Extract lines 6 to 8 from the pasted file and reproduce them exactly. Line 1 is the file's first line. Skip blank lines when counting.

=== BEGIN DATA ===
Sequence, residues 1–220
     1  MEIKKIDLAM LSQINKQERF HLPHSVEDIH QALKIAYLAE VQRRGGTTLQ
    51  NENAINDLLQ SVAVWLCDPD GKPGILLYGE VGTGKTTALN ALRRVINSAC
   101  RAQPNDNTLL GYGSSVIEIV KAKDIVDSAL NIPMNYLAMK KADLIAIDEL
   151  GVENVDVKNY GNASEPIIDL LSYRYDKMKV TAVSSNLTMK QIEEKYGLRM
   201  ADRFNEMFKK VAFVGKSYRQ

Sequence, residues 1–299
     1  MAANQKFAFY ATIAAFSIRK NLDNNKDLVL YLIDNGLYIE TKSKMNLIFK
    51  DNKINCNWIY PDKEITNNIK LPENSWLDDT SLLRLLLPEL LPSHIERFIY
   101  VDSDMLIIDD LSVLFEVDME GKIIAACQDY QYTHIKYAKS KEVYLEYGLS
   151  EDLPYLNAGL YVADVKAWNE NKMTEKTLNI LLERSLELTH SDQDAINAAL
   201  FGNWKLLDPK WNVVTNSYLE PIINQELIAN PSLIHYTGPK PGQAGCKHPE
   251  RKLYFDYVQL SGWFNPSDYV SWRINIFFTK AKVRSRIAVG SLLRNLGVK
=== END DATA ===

   201  ADRFNEMFKK VAFVGKSYRQ

Sequence, residues 1–299
     1  MAANQKFAFY ATIAAFSIRK NLDNNKDLVL YLIDNGLYIE TKSKMNLIFK